image copyrightIsobel Jobsonimage captionRachel, Isobel and Andrew Jobson were struck by lightning while sheltering from the rain
Three siblings are counting their lucky stars after they were hit by lightning.
Rachel, Isobel and Andrew Jobson were cycling when they took shelter under a tree close to Molesey Lock, near Hampton Court Palace in south-west London, during Monday's heavy rain.
But as they snapped a selfie, a lightning bolt struck the trio – with the moment captured on camera.
The three, from Maidenhead, were taken to St George's Hospital in Tooting with burns and discharged hours later.
Rachel, the eldest sibling at 26, said they had been on their way from their Berkshire home to see their aunt in Epsom, Surrey, when they decided to take a bathroom break, so stopping at the lock.
When she returned from the loo, she saw her brother and sister under some trees during a thunderstorm. They decided to take some pictures before setting off again.
image copyrightIsobel Jobsonimage captionLightning struck at the moment this picture was taken
PhD student Isobel, 23, said: "The picture of us at the moment the lightning strike happened was at 17:05.
"I took a picture of us smiling and we then wanted a sad picture in the rain.
"All of a sudden I was on the ground and couldn't hear anything apart from this high-pitched buzzing.
"My whole right arm was numb and I couldn't move it."
Rachel added: "We were taking the picture with our phone and then the next thing, I was on the ground. I felt disjointed. My sister and I were screaming.
"I got burnt on my thigh and stomach and it's left lightning-like marks behind on me and my sister. I couldn't feel my arm."
These patterns Rachel refers to are known as Lichtenberg figures.
Rachel added that all three were hurt, although brother Andrew was more stunned than anything else.
image copyrightiSobel Jobsonimage captionThe three siblings were on a cycling holiday
The siblings were helped to their feet by passers-by before paramedics turned up to take them to St George's Hospital in Tooting.
The family were told it was possible that a titanium plate in Isobel's arm following a cycling accident last year might have been what led to the lightning surging through their bodies.
Rachel said: "My sister's arm was very hot, because of the plate. Everyone was amazed at what had happened to us."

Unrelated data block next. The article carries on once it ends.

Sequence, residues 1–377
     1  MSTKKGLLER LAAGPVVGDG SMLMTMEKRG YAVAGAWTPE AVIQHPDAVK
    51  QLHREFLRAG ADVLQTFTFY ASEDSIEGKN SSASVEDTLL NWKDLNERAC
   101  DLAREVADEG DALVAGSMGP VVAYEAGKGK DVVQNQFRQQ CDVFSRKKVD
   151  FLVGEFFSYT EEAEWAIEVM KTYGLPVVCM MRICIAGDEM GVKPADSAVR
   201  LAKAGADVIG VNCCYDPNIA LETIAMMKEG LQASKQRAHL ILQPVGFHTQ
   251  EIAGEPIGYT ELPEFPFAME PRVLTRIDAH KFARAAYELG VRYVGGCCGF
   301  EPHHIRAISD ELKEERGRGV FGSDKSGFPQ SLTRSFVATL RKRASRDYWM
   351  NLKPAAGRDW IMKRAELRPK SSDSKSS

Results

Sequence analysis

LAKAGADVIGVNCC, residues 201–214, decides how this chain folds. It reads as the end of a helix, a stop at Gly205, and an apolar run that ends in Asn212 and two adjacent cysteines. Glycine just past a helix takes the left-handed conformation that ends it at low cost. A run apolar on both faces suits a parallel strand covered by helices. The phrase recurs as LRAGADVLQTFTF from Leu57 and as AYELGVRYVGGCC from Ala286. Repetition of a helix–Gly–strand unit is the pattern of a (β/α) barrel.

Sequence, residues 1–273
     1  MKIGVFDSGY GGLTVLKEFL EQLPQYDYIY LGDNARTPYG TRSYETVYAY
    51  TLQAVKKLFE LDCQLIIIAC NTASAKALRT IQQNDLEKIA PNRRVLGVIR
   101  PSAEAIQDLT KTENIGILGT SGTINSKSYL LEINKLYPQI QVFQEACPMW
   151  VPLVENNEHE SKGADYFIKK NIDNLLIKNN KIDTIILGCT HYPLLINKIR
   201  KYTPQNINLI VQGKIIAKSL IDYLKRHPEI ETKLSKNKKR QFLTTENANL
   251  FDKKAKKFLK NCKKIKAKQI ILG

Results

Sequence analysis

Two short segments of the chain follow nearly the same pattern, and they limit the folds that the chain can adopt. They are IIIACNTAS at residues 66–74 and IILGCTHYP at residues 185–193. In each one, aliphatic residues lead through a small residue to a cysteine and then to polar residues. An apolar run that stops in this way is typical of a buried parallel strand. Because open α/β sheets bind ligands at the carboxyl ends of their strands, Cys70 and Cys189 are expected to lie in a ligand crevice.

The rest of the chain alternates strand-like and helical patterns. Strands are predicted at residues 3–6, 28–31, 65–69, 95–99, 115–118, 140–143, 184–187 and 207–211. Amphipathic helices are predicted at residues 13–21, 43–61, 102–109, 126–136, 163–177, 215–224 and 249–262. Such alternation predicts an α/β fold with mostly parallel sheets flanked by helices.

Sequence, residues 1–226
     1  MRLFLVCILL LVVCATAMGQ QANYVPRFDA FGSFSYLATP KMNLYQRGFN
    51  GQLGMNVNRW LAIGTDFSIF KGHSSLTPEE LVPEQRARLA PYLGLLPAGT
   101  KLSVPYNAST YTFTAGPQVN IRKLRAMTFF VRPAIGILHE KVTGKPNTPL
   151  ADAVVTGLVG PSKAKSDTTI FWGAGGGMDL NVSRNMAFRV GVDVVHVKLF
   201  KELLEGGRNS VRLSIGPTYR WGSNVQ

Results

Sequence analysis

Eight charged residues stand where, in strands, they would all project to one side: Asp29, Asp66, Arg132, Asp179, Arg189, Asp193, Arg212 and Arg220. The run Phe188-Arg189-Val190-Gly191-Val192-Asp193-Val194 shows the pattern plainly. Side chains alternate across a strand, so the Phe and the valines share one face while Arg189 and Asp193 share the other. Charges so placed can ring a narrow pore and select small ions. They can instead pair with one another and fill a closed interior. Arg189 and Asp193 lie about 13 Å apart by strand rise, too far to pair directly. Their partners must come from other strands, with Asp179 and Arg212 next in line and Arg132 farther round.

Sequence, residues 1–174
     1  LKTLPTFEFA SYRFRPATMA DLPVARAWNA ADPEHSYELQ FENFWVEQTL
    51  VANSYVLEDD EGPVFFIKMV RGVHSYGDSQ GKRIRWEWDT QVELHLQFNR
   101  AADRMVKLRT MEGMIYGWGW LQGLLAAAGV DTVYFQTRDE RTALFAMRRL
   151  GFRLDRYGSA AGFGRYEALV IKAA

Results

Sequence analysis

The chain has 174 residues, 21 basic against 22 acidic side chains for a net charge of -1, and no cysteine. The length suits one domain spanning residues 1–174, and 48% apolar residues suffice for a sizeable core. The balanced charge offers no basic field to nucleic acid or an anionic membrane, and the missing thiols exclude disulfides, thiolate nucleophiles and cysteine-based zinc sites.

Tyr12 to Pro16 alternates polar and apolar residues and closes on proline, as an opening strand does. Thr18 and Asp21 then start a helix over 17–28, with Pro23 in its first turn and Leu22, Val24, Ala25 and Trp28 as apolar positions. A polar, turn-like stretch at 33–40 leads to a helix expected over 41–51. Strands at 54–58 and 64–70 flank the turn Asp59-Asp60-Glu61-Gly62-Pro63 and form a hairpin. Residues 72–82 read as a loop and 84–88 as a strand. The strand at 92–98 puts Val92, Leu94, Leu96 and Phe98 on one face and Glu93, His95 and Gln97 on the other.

She paid tribute to the medical staff who looked after them.
Tori Cooper, head of nursing for the Emergency Department at St George's Hospital, said she was "delighted" to hear they were happy with the care they received, and "wished all three a speedy recovery".
image copyrightiSobel Jobsonimage captionIsobel was left with marks on her skin
Much of the capital was affected by the thunderstorms, with parts of London receiving a month's worth of rain in one day, causing flash floods.
On Monday 47.8mm of rain fell in a 24-hour period in Kew, most of it in just one hour. The average monthly rainfall in July is 44.5mm.
According to the Royal Society for the Prevention of Accidents, about 30 to 60 people are struck by lightning each year in the UK, with an average of three deaths.
The Jobson siblings were planning to return to the site on Tuesday to say thank you to Harriet, the owner of the H at Molesey Lock Cafe, for looking after them.
They have not yet decided whether to resume their cycling holiday, with Rachel adding: "I still feel a bit light-headed, while my sister's wrist is quite sore."
What to do when lightning strikes
- Seek shelter inside a large building or a car
- Get out of wide, open spaces and away from exposed hilltops
- If you have nowhere to shelter, make yourself as small a target as possible by crouching down with your feet together, hands on knees and head tucked in
- Do not shelter beneath tall or isolated trees
- If you are on water, get to the shore and off wide, open beaches as quickly as possible
Source: Royal Society for the Prevention of Accidents